[I]n planning for implementation of the new standard, registrants engaged in lending activities should be preparing to support their expected credit loss estimates through documentation of a systematic methodology to be employed each period, with rationale supporting each period’s determination that the amounts reported are consistent with the principles of the new standard. The systematic methodology employed should ensure that matters affecting loan collectibility are consistently and appropriately identified, and that the findings are considered in an appropriately disciplined manner by persons exercising judgment in determining the amounts to be reported.
Mr. May also encouraged registrants to “allocate appropriate time and resources to make the most of the implementation time provided.”
See Deloitte’s June 17, 2016, Heads Up for more information about the guidance in ASU 2016-13 on the measurement of credit losses.
Classification as Liabilities or Equity
Mr. Staniszewski observed that entities continue to encounter difficulties in navigating and applying the debt-equity guidance. Specifically, he noted that the OCA staff had objected to the equity classification of warrants that include a feature allowing the warrants to be put back to the issuer for cash equal to the fair value of the warrants. In such circumstances, the warrants would be a liability under ASC 480 because the issuer may be required to transfer cash to settle them. Because of the complexity of the debt-equity guidance, Mr. May reminded registrants to continually monitor their resources and ensure that their personnel have sufficient training. He believes that such activities are essential to maintaining an effective control environment.
Insurance — Disclosures About Short-Duration Contracts
In his remarks about insurers’ upcoming implementation of the requirement in ASU 2015-095to provide disclosures related to the incurred and paid claims development table, Division
Deputy Chief Accountant Craig Olinger noted that although the ASU does not prescribe how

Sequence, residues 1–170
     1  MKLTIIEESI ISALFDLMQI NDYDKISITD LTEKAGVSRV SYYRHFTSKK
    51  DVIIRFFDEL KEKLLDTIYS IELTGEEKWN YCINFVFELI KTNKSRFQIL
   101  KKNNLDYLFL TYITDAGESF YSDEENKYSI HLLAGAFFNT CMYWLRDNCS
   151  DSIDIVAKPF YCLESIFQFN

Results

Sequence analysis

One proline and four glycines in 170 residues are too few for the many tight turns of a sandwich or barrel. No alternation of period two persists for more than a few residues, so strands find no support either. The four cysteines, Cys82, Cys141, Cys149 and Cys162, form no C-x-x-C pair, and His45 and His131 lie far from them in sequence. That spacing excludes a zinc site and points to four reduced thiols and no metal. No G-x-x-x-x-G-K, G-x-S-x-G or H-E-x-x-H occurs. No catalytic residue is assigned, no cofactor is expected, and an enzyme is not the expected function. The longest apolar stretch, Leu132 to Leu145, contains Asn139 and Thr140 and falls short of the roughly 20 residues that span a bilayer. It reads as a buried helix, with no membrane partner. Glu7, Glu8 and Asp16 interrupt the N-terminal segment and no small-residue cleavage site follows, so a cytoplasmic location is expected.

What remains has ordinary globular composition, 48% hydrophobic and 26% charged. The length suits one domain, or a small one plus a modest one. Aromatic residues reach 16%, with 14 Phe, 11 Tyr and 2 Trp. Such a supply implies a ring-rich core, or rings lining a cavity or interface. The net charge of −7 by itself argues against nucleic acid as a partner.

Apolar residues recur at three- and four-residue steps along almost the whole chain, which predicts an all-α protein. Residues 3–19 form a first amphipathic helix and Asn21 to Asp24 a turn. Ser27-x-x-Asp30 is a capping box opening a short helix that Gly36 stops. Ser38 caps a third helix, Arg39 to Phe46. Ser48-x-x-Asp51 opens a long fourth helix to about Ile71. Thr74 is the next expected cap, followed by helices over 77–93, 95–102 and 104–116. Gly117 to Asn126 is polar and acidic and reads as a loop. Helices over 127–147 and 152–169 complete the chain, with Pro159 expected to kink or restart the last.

an insurer should present acquisitions, dispositions, and foreign exchange effects in the
development tables, the following approaches, which an insurer applies in providing such
disclosures, must be consistent with the ASU’s objectives:
Acquisition — Retrospective presentation; alternatively, if a prospective approach
is used, the acquired liabilities would need to be presented separately from the
acquirer’s existing business.
Disposition — Retrospective presentation, with amounts related to the disposed-of
business removed from the development table.
The highlights from the November 1 and November 17, 2016, meetings
between the AICPA’s Insurance Entities Expert Panel and SEC staff further
clarify that the development information for acquisitions and dispositions
that is either added to or removed from the incurred and paid development
tables should be shown for (or removed from) each accident year presented
in those tables.
Foreign exchange effects — Application of a constant exchange rate to all data in
the development table disclosures to avoid the distortion of trends. Accordingly,
an insurer could (1) recast all data in the development tables by using the current
period-end exchange rate or (2) present separate development tables for each
Further, Mr. Olinger acknowledged that SEC Industry Guide 6 also requires insurers to
present a loss reserve table in either the business or MD&A section of the filing. He clarified
that to avoid requiring insurers to disclose two different types of development tables, the
SEC staff would permit, but would not require, an insurer that discloses the ASU 2015-09
development table to also disclose the Guide 6 development table. This view was reflected in
Section 11300 of the SEC’s Financial Reporting Manual, as updated on November 9, 2016.
In a manner consistent with the SEC staff’s comments at last year’s conference, Mr. Staniszewski reiterated the importance of coordination among an entity’s global business functions (e.g., treasury, accounting, and business functions) with respect to the accounting for deferred taxes on undistributed earnings of a foreign subsidiary under ASC 740. He indicated that the staff has questioned registrants when information communicated outside the audited financial statements is inconsistent with assumptions used and conclusions reached in the accounting for income taxes on undistributed earnings in the financial statements.
Division Deputy Chief Accountant Nili Shah discussed income tax disclosures in MD&A and indicated that the SEC staff expects to issue more comments in the coming year if such disclosures are not an improvement over what the staff has seen in prior years. She reminded registrants that the staff is looking for disclosures that help the reader understand the company’s big-picture tax situation. That includes helping the reader understand the trends and uncertainties associated with:
The historical effective tax rate (ETR) and the extent to which it is expected to be indicative of the future ETR.
Income tax expense.
Cash tax obligations and how they affect liquidity.Unrecognized tax benefits and changes related to those benefits.